Sometimes I don’t. Mostly I do.
It’s a funny thing – making people talk, tell me stories, things that perhaps they’re happy to tell me, sometimes they’re not.
I love feeling like I’ve made a difference. Or at least tried to.
I hate the criticism that can sometimes come with such a public job. I have wondered many times if I possess skin thick enough for this job. But I also wonder if the thick-skinned ones really care … if they really *feel* what’s going on in a conversation with a guest.
A woman once wrote to me to tell me that a series I had done on breast cancer, for which I recorded my own mammogram, encouraged her to bite the bullet and get a mammogram herself.
She was found to have an early breast cancer.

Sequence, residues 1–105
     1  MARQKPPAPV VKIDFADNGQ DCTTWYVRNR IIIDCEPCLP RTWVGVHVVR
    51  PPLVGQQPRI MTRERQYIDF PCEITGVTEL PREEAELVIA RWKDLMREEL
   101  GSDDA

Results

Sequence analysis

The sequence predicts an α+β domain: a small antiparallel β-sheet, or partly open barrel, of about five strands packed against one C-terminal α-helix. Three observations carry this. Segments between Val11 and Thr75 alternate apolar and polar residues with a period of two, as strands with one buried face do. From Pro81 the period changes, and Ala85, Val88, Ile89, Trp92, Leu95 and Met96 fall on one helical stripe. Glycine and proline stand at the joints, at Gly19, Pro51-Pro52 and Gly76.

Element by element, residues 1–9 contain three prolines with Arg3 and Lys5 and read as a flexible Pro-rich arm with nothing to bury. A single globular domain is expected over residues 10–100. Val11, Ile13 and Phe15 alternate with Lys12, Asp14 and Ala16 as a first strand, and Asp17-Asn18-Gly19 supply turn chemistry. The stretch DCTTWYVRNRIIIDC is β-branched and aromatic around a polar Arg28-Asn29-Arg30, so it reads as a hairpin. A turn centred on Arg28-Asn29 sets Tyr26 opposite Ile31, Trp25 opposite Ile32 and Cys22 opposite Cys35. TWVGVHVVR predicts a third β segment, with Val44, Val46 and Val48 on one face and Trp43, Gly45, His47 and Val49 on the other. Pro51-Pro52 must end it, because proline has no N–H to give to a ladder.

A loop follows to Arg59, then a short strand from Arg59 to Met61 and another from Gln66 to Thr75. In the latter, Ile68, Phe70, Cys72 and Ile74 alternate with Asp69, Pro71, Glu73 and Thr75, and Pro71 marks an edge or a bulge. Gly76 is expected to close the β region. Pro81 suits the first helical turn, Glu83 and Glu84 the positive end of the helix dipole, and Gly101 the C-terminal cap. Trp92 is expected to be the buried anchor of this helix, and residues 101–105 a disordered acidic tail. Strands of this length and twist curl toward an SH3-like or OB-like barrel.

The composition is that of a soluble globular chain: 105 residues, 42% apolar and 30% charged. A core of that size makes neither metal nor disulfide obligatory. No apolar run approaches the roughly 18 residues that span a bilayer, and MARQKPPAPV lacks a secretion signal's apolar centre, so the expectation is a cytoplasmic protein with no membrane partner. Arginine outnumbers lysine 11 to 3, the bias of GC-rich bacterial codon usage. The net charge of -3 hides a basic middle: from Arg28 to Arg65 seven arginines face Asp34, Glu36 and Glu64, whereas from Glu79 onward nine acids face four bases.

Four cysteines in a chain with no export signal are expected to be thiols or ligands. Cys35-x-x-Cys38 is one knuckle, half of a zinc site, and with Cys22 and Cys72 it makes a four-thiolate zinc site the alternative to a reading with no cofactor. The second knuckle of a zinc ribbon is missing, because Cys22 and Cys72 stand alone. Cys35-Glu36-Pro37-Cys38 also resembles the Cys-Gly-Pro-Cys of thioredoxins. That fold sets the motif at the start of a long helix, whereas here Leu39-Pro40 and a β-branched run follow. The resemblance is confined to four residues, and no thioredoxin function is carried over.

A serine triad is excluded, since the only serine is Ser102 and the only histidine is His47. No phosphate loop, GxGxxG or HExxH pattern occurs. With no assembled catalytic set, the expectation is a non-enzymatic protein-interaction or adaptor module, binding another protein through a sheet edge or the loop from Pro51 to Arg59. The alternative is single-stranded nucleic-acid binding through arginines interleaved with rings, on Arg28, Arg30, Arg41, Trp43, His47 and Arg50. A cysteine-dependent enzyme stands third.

She thanked me for that.
A tiny, immune-deficient girl now gets a little more attention from her paediatrician – because he heard her distressed mother on my program.
I’ve interviewed the rich and famous, the poor and voiceless. Or at least they were voiceless. Academics, researchers, teachers, politicians, unionists, children, mothers, fathers, rock stars, surgeons, authors, liars, abusers, rescuers, the terminally ill … even a motor mechanic who is one of the world’s finest Celtic fiddlers!
Occasionally, not often, but occasionally … there are those that will use me, and my position, for their own gain. Hopefully I will become wiser at spotting them!
It’s a privilege.
One that sometimes I intentionally abuse. But I hope only in a good way.
Using my evil powers for good.
It’s all I can do. I don’t know anything else.